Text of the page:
'Top Five Flaws' in the CRSD Ruling in the MMG Case

Jun 30, 2016, 01:00 ET from The Al-Mojil family

DAMMAM, Saudi Arabia, June 30, 2016 /PRNewswire/ --

We, the founders of MMG, wish to express our deep anxiety for the current state of the Saudi Stock Market in light of the recent CRSD ruling made in the MMG case.

It is essential the Saudi Stock Market continues to flourish supported by a strong, transparent and fair regulatory framework. With that in mind, we fully and respectfully engaged with the action brought by the CMA against us and a dozen other defendants.  

Although the CRSD is appointed, funded and is subject to the regulatory framework of the CMA, the prosecutor in our proceedings, we had hoped that the system would work properly and the CRSD would adopt an approach to the parties that is fair, objective and transparent.  Unfortunately, this has not proved to be the case. The CRSD's remit per its name is resolution of security disputes and, not, in fact, to act as judge, jury and executioner which is what happened in MMG's case.

The CRSD ruling is a bleak warning for all market participants, and, in particular, companies that face trading losses in turbulent market conditions.  

Obvious flaws in the ruling that fundamentally undermine the validity of the imposed penalties and of themselves demonstrate its unfairness, include the following:

1. The CRSD has never allowed the defendants to receive complete copies of the evidence submitted by the CMA and ultimately used to penalise them. The defendants were seriously prejudiced in their ability to defend themselves against the charges; essentially, we are the subjects of serious injustice.

2. Remarkably, the CRSD refused to accept the defence evidence submitted by thirteen different defendants over eighteen months, including by one the "Big Four" global accountancy firms, Deloitte & Touche.

3. The CRSD stated that there were fundamental and irreparable flaws in the CMA's allegations, in that the CMA failed to identify who committed the violations and to demonstrate their financial impact on the share price. Having reached this conclusion, the CRSD proceeded to impose disproportionate penalties that take no account of the rejection of a substantial number of allegations.

4. The selling shareholder, Mr. Mohammad Al-Mojil, had no role in setting the IPO price. It was determined by a market auction in the normal course and approved by the CMA, which closely supervised MMG's IPO process from its inception in 2006.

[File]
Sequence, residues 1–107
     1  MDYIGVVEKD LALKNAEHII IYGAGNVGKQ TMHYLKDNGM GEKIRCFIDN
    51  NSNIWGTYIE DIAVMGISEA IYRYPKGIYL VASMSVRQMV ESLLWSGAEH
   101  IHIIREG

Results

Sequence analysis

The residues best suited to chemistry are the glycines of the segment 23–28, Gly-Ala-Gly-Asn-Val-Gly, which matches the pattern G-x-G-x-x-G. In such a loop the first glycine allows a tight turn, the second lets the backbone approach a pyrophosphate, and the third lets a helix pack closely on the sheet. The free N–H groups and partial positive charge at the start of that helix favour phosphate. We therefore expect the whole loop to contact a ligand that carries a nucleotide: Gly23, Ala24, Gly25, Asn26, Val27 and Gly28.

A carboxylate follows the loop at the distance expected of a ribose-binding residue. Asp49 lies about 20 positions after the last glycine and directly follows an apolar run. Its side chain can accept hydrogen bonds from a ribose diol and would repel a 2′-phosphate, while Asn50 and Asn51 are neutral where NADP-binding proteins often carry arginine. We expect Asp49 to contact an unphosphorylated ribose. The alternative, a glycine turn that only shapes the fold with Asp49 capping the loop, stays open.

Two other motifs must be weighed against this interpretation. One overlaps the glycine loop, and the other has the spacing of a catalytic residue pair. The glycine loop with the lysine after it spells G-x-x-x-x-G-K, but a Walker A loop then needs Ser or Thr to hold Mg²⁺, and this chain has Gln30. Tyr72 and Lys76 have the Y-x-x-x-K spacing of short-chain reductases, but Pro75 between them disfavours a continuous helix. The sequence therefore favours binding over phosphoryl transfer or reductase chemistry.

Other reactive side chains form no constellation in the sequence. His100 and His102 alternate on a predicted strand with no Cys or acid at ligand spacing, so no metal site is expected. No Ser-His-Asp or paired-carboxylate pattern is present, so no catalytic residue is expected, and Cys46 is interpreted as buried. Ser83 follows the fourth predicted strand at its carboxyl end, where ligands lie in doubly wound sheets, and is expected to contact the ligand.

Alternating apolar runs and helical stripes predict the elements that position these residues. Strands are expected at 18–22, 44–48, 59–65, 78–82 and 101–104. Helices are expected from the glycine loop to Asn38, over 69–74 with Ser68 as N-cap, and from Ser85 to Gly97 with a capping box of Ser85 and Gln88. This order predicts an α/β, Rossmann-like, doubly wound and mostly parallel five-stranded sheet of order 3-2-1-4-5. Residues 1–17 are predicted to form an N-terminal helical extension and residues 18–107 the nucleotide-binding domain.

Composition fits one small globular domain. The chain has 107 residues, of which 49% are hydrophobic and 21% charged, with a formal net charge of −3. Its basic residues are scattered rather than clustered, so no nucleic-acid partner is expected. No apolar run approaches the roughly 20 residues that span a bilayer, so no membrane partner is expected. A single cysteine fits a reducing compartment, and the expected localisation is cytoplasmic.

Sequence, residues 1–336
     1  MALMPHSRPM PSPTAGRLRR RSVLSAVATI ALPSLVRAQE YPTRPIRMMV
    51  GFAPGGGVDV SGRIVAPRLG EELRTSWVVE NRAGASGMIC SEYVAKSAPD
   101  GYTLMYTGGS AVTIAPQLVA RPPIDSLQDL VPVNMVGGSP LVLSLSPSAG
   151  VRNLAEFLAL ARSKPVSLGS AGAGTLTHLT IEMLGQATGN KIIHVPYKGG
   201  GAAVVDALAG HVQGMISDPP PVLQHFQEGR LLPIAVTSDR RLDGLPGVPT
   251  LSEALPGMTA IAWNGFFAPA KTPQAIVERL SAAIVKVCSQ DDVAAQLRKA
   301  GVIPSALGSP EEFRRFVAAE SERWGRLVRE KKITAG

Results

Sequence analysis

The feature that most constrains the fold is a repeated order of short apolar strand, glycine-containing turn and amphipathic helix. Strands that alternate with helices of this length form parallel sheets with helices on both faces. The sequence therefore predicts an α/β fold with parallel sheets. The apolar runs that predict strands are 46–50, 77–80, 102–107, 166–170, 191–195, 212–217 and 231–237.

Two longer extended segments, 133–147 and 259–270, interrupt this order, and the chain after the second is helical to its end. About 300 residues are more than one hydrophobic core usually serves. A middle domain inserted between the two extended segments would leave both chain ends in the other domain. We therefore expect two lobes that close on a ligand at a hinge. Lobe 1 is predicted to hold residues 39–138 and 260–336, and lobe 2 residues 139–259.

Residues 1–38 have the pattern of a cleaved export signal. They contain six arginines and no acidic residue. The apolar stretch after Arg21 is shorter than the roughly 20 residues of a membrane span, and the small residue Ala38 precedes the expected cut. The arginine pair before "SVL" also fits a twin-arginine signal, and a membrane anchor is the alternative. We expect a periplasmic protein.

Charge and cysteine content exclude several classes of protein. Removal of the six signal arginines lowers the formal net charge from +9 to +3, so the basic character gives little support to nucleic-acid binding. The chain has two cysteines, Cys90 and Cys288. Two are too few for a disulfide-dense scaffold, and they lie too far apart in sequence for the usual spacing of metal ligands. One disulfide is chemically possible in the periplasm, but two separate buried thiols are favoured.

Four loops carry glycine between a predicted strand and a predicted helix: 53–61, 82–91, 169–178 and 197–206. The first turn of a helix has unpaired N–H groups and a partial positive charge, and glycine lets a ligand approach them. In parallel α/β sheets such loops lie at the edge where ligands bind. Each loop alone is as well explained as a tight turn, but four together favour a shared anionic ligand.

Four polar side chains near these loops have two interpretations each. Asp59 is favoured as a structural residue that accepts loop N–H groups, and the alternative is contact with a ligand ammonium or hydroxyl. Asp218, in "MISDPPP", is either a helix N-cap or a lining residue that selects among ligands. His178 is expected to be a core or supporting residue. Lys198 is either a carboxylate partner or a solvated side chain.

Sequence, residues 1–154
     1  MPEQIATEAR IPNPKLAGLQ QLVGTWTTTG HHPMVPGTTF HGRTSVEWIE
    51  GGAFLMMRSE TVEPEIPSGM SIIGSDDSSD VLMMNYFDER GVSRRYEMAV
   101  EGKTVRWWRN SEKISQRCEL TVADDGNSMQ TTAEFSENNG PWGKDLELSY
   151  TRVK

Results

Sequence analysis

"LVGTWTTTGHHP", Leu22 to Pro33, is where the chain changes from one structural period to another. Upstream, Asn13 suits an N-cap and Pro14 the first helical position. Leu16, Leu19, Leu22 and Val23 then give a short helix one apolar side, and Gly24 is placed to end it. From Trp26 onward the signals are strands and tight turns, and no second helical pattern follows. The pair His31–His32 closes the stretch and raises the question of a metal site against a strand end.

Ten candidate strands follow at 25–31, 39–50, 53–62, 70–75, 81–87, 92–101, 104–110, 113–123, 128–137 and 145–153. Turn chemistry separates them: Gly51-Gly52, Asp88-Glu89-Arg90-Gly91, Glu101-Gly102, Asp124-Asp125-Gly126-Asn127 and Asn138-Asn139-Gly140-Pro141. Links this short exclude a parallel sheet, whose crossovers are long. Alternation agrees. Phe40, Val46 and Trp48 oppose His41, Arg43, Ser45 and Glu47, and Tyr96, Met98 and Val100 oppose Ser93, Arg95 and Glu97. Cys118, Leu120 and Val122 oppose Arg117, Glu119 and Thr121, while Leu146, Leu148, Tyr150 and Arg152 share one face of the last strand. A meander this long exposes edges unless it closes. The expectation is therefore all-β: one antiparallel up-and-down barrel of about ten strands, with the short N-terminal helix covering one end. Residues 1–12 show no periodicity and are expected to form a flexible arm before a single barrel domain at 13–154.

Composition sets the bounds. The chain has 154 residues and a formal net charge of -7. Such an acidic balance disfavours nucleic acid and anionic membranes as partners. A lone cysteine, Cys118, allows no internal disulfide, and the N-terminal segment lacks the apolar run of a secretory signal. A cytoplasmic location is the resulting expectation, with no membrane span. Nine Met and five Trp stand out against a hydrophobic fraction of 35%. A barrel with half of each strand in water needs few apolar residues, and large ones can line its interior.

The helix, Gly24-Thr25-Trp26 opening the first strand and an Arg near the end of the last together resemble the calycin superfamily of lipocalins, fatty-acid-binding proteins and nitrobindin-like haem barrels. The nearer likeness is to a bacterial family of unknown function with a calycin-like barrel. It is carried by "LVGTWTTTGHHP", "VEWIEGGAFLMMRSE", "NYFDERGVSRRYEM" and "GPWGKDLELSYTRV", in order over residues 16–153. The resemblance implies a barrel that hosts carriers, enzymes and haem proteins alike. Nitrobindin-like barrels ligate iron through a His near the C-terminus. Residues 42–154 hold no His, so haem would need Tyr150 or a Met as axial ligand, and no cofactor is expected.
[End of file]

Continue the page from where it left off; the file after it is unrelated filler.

5. The CRSD misled the defendants by accepting their evidence submitted in the course of proceedings, only to disregard it at a very late stage because it allegedly came "from unknown sources" and was produced in a form of scanned copies. The CRSD reached this conclusion even though it has power to contact all Saudi banks and obtain relevant confirmation (if it indeed had any doubts regarding the veracity of the evidence). It deliberately and quite extraordinarily chose not to exercise this power.


The flaws in the CRSD's proceedings against us are clearly a cause for serious concern, but the mishandling of this case extends far beyond.

The CRSD's ruling relies solely on the report produced by consultancy firm, Protiviti Member Firm (Middle East) Limited. The Protiviti's report has since been discredited by a global forensic accountancy firm, FTI Consulting. As FTI have put it: "by Protiviti's own admission, the investigation conducted was incomplete," "integral procedures, including interviews of key senior management referenced throughout Protiviti's Report, were not performed." FTI further found that there was no evidence that the Protiviti team had "any legal experience at all," to justify its recommendations on civil or criminal action.

Saudi Arabia wishes to encourage inward investment and promote the success of its stock market. Against the background of the injustices visited upon MMG, would-be entrants need to tread carefully as they too could fall victims to the Regulator that appears one-sided and appears to operate in a way that creates a considerable disincentive to the rules of fair and equal procedure which foreign investment is accustomed to.

For further information contact Project Associates on: 

Tel +44-20-7321-0773 or Al-Mojil@projectassociatesltd.com 


SOURCE The Al-Mojil family